Developing content pillars is a good way to improve both the user experience of a website and its relevance in search engine results.
A strong content pillar makes it easier for visitors to find both the information they want as well as related topics. Because of its high relevance to a specific topic, the content pillar is also a great SEO tool that can provide an entry point into the search rankings and improve your website’s search position. Not all pillars are created equal, so knowing how to make an effective content pillar is essential in getting their full benefit.
What Are Content Pillars?
Though content pillars may have different aesthetics depending on the site where they appear, the concept behind content pillars is simple.
The pillar is a page that represents a single topic or resource type within a website, providing users with access to all relevant material on the site. Viewing a content pillar, a user will typically see links and descriptions to every blog post, page or other content related to whatever the content topic is that the pillar represents.
Content pillars are popular, especially on larger websites, as they provide several benefits to the site:
- Increased SEO possibilities for long-tail evergreen content
- Increased opportunities for user engagement across multiple related pieces of content
- Additional conversion opportunities as calls to action are incorporated across content items that make up the pillar
- Improved organization of topics on the website, allowing for easier repurposing of related items into other formats
The use of content pillars also provides an easy reference for content creators to ensure that topics are covered thoroughly without repetition.
Types of Content Pillars
There are two primary types of content pillars: Topic pillars and resource pillars.
A topic pillar is a listing of related items that are all relevant for a specific topic, acting as a directory or reference list for relevant content hosted elsewhere on the site. A resource pillar is closer to a unique piece of long-form content that acts as an authoritative resource for the topic at hand, appearing as a single piece of content despite providing crosslinks to other content.
Depending on the content your site hosts, you may use a combination of these two content pillar types.
Content Pillars and Topic Clusters
Topic clusters are subgroups within the larger document of the content pillar, breaking down its information into more easily accessible sections.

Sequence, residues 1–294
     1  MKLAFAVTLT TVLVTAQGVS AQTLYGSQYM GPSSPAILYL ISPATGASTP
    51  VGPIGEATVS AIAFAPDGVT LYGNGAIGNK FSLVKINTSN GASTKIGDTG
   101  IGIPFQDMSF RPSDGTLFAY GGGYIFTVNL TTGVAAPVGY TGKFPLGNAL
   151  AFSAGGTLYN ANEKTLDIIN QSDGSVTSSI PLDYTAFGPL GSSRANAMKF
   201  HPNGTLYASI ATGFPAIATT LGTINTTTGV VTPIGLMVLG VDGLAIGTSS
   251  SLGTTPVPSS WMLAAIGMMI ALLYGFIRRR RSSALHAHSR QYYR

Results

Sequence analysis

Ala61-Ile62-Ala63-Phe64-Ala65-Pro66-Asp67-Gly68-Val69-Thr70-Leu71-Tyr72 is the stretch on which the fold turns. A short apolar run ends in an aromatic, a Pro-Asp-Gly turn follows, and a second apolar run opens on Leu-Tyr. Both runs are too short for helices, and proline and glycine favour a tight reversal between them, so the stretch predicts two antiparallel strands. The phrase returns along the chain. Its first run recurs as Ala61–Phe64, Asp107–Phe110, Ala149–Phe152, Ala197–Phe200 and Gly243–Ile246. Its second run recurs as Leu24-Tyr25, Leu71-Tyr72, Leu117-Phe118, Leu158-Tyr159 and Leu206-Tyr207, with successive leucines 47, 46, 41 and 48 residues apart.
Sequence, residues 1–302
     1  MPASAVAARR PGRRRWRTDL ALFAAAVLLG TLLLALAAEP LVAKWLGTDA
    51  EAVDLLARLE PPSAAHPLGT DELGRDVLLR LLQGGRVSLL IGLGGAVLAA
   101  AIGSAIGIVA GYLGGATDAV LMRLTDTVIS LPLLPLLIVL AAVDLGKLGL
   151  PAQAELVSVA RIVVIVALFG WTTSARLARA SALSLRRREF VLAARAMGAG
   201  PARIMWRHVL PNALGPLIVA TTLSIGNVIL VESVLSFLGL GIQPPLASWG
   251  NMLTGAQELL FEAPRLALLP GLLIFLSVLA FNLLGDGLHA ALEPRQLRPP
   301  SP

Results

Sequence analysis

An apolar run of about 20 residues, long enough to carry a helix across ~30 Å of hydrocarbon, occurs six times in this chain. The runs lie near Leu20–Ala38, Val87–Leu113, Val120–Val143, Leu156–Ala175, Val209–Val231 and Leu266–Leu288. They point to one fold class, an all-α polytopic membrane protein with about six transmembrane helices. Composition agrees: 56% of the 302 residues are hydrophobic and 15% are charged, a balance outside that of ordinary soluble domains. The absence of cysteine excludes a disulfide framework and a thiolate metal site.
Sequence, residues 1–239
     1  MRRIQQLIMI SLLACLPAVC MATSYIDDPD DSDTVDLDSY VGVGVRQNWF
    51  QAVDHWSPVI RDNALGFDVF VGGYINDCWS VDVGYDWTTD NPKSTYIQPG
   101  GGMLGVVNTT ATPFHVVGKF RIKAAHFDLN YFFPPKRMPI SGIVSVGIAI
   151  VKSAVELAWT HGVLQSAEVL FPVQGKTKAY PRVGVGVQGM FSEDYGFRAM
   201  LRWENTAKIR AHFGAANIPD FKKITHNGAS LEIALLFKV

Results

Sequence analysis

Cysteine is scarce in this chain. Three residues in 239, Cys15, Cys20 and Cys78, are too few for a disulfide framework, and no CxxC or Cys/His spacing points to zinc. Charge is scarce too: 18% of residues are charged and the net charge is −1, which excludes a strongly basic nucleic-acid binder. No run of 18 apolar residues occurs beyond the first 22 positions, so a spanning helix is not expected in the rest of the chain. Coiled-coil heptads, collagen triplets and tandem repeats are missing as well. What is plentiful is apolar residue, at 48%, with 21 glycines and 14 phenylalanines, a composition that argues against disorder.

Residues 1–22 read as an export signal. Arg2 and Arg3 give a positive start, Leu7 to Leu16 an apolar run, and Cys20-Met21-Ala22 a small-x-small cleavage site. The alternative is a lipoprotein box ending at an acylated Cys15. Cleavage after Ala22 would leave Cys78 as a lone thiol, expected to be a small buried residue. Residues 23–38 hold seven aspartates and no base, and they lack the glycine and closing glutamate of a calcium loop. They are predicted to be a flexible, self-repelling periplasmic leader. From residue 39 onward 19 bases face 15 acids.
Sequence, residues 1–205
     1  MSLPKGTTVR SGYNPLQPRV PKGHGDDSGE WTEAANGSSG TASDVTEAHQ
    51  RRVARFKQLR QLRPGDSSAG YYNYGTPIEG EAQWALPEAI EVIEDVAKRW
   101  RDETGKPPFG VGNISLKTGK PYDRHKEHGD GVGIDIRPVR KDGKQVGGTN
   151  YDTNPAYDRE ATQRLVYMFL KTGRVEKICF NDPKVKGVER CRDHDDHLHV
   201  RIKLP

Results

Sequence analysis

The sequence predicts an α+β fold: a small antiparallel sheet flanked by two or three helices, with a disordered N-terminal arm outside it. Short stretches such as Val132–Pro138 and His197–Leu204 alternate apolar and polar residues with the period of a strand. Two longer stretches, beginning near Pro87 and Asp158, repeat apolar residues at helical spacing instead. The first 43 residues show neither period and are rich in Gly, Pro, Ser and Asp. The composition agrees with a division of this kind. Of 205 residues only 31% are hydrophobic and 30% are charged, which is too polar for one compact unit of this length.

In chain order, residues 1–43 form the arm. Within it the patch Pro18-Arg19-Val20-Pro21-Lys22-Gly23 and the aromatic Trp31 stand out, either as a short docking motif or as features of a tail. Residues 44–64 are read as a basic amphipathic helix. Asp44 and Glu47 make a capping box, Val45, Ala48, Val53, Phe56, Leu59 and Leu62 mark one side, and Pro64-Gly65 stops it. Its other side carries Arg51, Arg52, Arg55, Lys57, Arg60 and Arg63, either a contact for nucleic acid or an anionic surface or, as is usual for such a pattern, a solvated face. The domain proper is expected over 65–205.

If the central topic of the content pillar was “SEO,” the topic clusters would be the specific aspects of SEO that you wanted to cover.
Each should have a name or headline, followed by links or content that fall within that specific topic. This allows visitors to see a well-organized list that isn’t overwhelming when they visit your pillar page. If a visitor is only looking for one specific aspect of the topic, a scan of the topic cluster headings will provide the relevant results quickly.
Creating Powerful Content Pillars
Developing content pillars requires an understanding of both what visitors are looking for and what else they need to know about the topic.
Keyword research is an essential skill here, as is the ability to determine related topics for your pillars to serve as topic clusters. Strong headline development skills are useful, as is the ability to write informative summaries that give readers just enough information to leave them wanting to read the content. Adding graphics or other media to supplement the text can be a great way to let your content pillars stand out as well.
Of course, it is important to realize that content pillars are typically not a “one and done” creation. Unless your website is focused on a very specific topic, you may have content pillars on several topics and will have to add more as the site continues to grow. Content pillars also require maintenance as new content is added to the site.
The effort is worth it, however, as the more work you put into your content pillars the more productive they will be moving forward.